NECIRrcv*  m_ir;
     IR_Receiver(int SetLeg)
     { m_ir = new NECIRrcv(SetLeg);
       m_ir->begin();
     }

card5: Despite the fact that 5 years have passed, this Library still works well.

As long as you keep the data termites away from your hard drive, software doesn't degrade, so why are you so surprised?

card5: I tried to do a very simply thing:

To create a simple class, that will be called "IR_Receiver", which will contain an object of NECIRrcv.

The reason I want to create this class, is in order to add some more methods of mine.

What you need to do is have your class inherit (class inheritance) the NECIRrcv class. Then you will be able to extend it (extend a class) with your own methods. What I gave here is a VERY rough example (won't compile, won't run, and may not even teach you anything) in order to give you something to search on. I've bolded the keywords you'll want to search.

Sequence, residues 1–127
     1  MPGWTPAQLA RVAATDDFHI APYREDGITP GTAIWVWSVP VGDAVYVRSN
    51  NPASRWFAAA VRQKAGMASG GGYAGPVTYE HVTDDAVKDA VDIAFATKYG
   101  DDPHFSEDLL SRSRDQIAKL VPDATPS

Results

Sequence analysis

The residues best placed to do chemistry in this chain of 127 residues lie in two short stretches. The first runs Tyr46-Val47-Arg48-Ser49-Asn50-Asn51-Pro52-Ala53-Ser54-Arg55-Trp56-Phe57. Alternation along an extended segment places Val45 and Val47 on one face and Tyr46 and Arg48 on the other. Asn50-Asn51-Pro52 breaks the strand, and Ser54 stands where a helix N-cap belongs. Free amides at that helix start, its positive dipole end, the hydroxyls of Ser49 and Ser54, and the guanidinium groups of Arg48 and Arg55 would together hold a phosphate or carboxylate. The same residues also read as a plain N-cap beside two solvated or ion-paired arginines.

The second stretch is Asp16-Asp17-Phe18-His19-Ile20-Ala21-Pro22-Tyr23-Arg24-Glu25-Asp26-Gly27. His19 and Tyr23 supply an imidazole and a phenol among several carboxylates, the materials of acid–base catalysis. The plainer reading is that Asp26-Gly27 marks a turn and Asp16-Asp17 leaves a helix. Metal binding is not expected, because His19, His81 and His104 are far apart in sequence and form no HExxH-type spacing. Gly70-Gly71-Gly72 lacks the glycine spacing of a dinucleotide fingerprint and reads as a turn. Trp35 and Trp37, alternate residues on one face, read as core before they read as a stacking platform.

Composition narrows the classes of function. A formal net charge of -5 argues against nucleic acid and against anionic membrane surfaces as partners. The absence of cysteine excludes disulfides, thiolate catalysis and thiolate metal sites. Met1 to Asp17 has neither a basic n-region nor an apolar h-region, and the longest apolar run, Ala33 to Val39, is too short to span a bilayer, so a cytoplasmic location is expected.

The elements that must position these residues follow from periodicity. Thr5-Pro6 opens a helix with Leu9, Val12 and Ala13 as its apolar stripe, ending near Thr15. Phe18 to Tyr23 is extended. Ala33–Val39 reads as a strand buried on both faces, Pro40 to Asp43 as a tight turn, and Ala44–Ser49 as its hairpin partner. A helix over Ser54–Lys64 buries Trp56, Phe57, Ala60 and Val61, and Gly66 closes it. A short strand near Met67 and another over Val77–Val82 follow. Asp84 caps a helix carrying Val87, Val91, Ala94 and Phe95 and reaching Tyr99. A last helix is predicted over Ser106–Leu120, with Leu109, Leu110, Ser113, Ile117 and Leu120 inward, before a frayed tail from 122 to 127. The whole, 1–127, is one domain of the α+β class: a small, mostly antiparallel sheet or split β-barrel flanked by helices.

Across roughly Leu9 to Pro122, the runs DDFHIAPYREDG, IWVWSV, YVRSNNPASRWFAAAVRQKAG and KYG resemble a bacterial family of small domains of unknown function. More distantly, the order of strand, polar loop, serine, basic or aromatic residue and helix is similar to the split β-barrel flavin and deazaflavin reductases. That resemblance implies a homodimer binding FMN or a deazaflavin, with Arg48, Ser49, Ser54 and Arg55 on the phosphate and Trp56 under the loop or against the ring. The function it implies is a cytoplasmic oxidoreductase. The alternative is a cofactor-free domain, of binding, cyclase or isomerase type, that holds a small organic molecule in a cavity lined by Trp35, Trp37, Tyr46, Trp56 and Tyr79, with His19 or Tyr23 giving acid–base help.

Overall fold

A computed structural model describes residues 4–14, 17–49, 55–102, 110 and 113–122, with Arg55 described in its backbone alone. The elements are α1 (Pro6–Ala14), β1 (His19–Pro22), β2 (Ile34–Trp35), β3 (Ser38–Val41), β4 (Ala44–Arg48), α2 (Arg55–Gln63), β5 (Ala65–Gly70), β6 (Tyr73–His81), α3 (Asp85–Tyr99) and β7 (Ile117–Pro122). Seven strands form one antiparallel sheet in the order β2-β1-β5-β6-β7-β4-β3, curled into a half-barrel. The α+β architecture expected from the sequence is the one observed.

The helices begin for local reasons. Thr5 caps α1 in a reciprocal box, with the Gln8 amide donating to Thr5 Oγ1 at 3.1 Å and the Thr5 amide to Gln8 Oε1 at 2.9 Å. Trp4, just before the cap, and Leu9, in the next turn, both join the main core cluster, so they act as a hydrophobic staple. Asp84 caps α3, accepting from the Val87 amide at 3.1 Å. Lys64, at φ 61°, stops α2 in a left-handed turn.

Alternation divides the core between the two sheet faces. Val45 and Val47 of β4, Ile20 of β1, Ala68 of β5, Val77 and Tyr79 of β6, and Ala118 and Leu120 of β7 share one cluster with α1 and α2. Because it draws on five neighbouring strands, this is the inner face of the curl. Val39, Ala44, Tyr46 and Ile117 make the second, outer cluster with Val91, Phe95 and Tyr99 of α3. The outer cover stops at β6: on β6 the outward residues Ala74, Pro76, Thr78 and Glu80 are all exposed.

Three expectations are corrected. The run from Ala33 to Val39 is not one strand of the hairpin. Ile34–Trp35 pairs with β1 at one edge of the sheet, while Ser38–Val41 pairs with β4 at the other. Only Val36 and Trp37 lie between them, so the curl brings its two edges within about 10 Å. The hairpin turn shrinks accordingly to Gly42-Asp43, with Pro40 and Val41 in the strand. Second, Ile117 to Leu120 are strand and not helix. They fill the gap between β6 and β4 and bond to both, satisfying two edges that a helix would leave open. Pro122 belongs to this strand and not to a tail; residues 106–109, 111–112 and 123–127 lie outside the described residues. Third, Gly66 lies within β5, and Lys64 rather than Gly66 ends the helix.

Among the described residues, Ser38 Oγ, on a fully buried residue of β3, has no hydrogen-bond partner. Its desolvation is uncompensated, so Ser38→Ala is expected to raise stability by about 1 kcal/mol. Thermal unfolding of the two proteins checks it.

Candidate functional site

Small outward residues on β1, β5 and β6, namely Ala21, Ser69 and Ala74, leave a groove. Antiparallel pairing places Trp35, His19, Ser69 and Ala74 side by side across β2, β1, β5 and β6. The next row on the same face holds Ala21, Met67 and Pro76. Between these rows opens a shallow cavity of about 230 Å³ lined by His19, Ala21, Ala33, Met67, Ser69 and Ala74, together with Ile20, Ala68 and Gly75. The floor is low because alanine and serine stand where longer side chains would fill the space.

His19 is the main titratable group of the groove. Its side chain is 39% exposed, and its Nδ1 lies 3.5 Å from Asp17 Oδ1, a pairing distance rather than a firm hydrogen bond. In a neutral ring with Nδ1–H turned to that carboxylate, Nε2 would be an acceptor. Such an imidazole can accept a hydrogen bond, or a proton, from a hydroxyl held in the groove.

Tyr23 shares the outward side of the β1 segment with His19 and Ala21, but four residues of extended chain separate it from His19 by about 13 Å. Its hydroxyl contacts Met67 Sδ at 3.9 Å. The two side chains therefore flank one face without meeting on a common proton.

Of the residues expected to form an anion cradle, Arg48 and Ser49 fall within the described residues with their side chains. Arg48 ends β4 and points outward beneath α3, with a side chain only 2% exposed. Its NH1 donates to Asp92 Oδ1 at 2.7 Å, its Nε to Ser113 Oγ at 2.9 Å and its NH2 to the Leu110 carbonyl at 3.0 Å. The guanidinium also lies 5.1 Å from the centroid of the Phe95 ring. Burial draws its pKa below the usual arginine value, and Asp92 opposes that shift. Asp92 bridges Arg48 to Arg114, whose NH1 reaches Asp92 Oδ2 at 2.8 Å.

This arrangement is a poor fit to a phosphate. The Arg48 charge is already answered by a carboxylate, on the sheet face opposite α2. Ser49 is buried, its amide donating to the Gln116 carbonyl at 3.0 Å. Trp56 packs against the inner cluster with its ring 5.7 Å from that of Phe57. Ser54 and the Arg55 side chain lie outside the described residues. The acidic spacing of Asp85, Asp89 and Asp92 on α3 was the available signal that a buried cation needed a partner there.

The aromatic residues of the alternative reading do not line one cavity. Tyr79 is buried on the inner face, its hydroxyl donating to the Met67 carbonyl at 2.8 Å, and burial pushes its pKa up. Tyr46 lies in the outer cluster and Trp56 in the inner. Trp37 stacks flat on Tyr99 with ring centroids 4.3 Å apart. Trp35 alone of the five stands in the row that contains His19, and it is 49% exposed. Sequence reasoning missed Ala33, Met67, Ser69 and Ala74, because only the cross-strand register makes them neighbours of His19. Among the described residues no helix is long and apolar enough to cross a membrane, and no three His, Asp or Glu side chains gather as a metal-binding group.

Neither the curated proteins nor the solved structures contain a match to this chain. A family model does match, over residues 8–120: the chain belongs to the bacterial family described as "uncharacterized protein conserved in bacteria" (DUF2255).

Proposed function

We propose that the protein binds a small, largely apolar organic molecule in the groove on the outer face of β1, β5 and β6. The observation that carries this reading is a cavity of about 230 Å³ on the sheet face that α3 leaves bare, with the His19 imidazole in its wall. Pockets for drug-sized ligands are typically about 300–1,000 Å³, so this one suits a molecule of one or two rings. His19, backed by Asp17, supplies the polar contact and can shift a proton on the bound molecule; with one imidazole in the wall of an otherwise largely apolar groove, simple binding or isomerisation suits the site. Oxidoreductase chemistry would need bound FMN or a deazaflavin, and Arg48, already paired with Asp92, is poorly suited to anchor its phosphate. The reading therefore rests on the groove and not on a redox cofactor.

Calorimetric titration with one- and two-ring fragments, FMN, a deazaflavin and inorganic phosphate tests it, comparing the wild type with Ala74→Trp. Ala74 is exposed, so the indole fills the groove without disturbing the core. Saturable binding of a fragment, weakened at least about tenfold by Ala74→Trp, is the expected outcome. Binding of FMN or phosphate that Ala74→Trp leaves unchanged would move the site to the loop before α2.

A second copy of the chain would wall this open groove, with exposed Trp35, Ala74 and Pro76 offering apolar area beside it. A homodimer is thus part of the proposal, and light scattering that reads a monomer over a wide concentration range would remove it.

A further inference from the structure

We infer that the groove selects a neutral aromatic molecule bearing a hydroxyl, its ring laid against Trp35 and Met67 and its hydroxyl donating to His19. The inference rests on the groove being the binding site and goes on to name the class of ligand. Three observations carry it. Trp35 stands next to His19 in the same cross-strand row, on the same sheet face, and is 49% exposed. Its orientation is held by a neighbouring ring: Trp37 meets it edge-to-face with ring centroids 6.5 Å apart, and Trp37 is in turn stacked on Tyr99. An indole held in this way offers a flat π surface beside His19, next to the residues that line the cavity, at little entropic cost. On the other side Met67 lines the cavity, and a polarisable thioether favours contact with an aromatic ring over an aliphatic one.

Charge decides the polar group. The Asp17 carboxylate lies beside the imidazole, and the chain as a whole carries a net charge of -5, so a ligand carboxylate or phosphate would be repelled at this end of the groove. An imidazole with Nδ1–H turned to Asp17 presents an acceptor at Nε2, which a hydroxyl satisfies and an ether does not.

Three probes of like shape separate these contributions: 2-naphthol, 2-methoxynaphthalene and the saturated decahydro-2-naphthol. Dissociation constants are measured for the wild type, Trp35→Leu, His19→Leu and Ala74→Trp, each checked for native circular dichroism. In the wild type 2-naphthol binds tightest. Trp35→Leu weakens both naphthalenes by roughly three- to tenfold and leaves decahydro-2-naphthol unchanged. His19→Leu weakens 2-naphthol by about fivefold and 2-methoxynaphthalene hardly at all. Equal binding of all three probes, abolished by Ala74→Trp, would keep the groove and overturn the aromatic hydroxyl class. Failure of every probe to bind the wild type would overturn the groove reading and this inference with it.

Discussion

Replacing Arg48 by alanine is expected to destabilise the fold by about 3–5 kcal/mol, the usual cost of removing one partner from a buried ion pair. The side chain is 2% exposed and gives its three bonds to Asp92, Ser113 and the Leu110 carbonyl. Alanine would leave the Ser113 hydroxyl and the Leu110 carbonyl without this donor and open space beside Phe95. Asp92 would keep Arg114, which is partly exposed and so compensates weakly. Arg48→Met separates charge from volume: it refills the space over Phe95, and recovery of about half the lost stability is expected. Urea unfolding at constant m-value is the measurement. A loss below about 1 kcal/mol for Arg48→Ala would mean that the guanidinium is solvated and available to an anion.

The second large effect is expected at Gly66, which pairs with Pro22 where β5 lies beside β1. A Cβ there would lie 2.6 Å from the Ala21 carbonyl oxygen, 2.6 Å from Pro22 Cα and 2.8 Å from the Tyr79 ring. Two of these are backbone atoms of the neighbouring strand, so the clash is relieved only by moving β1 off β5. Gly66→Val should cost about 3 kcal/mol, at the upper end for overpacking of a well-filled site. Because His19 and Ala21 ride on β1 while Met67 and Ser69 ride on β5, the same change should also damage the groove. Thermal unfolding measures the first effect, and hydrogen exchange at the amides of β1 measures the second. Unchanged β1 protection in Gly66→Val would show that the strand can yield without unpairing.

#include "NECIRrcv.h"
class IR_Receiver : public NECIRrcv {
  public:
    // Members:
    NECIRrcv*  m_ir;
    unsigned long ircode;

    //Methods:
    IR_Receiver(int);
    unsigned long ReceiveIfAvailable();
};

// These two class methods could be placed in the IR_Receiver.cpp file.
// Constructor
IR_Receiver::IR_Receiver(int SetLeg)  {
    NECIRrcv ir2(SetLeg);
    m_ir  =&ir2;
    m_ir->begin();
}

unsigned long IR_Receiver::ReceiveIfAvailable()  {
    if(m_ir->available())  {
        ircode = m_ir->read();
        return ircode;
    }
    else  {
        return 0;    //No Code Available
    }
}



void setup()  {
  Serial.begin(9600);
  Serial.println("Up");
}

IR_Receiver O_IR_Receiver(4);
unsigned long IR_Code;

void loop()  {
  IR_Code  O_IR_Receiver.ReceiveIfAvailable();
  if(IR_Code!=0)  {
    Serial.println(IR_Code,HEX);
  }
}

nid69ita: For me the problem is about life of local variable. In the costructor you declare a ir2 object and assign the address to member m_ir. But when constructor code end, local variable ir2 die. I think you need to allocate the object using the new statement, like this code (not tested):

mstanley: Thank you - But I did not want t inherit on purpose: I want to hide anything from the original class, and be able to "start from scratch", that's why I chose to contain an object, instead of inheriting the class.

nid69ita:

Thank you very much.